Companies operating DLT

The Authority does not intend to limit offers to the public made by Issuers operating their own DLT from attaining the necessary authorisation from the Listing Authority to list their securities on a secondary market.

Permission-less Decentralised Exchanges 

Although the majority of respondents were of the opinion that permissionless decentralised exchanges could create difficulties in ensuring compliance with the transaction reporting requirements contained in MiFIR, the Authority does not intend to impose an outright prohibition on decentralised exchanges.

Trading of Traditional STOs

The authority holds that full disintermediation would not be an ideal solution and that some level of intermediation is needed. This is in line with the majority of responses which were in agreement with the MFSA’s proposal that traditional STOs should be traded on either a centralised exchange via investment firms or on a decentralised exchange with investment firms granting DEA.

Centralised or Decentralised but Permission-based Trading Platforms

In agreement with the feedback received, the MFSA believes that both centralised as well as decentralised but permission-based trading platforms (hybrid platforms) could provide a workable solution. In view of the fact that the industry remains undecided on the approach related to centralised vs decentralised exchanges, the Authority stands by its position expressed in relation to the MIFID framework and concludes that a case-by-case analysis based on the proposed business model will be needed.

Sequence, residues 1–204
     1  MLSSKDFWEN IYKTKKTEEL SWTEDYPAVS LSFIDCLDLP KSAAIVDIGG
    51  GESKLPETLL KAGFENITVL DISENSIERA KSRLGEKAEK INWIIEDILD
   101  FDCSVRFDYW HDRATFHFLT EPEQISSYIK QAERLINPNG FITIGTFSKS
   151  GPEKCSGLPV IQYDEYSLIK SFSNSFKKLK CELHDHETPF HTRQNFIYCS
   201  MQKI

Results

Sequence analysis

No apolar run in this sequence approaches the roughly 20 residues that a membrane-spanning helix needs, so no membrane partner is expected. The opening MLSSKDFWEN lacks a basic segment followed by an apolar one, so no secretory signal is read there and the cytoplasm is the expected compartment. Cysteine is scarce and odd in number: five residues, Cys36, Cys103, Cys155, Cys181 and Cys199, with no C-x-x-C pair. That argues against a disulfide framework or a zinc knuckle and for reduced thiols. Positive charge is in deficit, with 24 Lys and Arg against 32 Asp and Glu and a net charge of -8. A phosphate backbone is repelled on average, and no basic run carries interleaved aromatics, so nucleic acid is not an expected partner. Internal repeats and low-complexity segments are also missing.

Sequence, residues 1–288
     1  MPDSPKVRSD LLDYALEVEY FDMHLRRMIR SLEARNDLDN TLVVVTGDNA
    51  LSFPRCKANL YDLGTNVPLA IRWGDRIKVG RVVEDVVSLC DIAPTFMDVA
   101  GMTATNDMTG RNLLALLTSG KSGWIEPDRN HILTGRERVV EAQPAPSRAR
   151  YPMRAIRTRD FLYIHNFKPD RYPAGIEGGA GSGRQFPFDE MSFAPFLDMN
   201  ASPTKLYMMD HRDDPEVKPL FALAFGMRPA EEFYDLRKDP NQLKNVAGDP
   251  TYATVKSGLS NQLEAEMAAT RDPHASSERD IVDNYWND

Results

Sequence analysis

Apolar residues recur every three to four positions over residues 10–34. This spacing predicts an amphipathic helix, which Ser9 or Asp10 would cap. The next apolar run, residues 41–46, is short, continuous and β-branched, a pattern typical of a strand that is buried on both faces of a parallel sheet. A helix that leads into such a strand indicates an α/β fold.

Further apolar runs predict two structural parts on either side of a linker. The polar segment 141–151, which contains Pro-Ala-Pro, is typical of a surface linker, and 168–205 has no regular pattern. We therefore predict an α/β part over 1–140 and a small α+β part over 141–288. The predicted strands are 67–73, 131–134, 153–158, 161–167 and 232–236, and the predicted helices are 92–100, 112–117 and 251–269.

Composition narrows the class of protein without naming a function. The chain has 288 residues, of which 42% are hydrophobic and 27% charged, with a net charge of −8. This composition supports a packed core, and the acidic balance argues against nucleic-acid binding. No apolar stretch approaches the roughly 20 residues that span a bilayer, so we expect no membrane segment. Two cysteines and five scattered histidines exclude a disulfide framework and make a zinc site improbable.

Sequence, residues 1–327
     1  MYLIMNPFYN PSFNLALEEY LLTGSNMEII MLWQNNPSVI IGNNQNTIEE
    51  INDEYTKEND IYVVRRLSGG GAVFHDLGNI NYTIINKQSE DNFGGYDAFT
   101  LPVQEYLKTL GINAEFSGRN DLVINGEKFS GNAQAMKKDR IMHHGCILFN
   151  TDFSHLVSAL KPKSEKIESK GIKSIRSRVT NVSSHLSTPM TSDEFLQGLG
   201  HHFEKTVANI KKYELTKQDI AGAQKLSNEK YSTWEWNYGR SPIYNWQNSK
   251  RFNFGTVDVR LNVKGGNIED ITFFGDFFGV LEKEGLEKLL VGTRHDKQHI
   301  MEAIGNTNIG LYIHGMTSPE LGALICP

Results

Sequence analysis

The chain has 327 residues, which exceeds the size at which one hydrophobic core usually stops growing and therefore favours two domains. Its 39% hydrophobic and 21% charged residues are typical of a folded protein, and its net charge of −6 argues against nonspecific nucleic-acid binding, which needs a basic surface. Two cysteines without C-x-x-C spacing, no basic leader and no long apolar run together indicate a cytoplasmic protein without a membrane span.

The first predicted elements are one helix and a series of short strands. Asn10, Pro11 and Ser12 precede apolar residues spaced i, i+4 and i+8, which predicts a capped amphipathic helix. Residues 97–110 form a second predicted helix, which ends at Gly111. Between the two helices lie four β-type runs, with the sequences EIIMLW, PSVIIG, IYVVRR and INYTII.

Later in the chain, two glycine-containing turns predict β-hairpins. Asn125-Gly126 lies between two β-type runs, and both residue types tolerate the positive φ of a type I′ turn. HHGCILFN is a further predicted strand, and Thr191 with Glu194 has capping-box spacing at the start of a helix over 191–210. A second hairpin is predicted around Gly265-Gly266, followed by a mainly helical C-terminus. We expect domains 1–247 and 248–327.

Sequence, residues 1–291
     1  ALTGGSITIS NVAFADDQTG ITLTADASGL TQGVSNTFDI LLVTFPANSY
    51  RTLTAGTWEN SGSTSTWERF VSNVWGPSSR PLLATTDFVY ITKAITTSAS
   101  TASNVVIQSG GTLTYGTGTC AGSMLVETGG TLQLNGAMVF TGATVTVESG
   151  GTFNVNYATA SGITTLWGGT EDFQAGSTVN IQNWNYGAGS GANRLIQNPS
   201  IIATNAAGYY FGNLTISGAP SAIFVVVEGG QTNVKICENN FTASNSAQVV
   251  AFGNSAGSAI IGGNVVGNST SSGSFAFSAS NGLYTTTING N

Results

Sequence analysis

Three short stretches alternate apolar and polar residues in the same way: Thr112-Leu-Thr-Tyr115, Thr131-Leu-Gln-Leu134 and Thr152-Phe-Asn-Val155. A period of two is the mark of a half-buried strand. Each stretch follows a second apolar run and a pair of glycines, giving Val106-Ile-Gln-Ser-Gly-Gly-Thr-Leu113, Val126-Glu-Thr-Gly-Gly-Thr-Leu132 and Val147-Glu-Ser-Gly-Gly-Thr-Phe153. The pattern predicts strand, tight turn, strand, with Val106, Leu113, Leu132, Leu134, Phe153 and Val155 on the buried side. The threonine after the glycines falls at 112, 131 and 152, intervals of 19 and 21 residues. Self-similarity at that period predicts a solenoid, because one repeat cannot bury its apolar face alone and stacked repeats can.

Transparency/ Transaction Reporting

The majority of respondents agreed that by its nature, the prevention of financial market abuse is reliant on transaction reporting. The Authority will examine the best way to exploit the use of blockchain in its market oversight function in order to prevent and detect market abuse.

Applicability of the Central Securities Depositary Regulation (“CSDR”)

A number of respondents believe that the legal requirements set out in the CSDR are too cumbersome and will halt the application of DLT. They believe that a number of challenges related to the CSDR must be addressed or that the current legislation is altered in order to embrace the use of DLT within the settlement process.

Whilst a settlement internaliser may provide a solution in theory, it appears that the CSD cannot be totally removed from the ecosystem of a traded STO. Nevertheless, the authority are currently exploring this issue in order to understand the risks which would develop and how these can be reduced if a settlement internaliser is opted for.

In conclusion, the authority holds that the use of DLT within the context of secondary markets will be hindered by the lack of institutions which are capable of providing settlement for tokenised transferable securities. Therefore, unless the European legislator amends certain provisions of the CSDR, there seems to be agreement that some advantages of DLT cannot be availed of due to the need to comply with the current regulation.

This article was written by Dr Luke Mizzi and Mr Gigi Gatt

For more information on STO Regulation please contact Dr Ian Gauci on Dr Terence Cassar on and Dr Luke Mizzi on

Disclaimer This article is not intended to impart legal advice and readers are asked to seek verification of statements made before acting on them.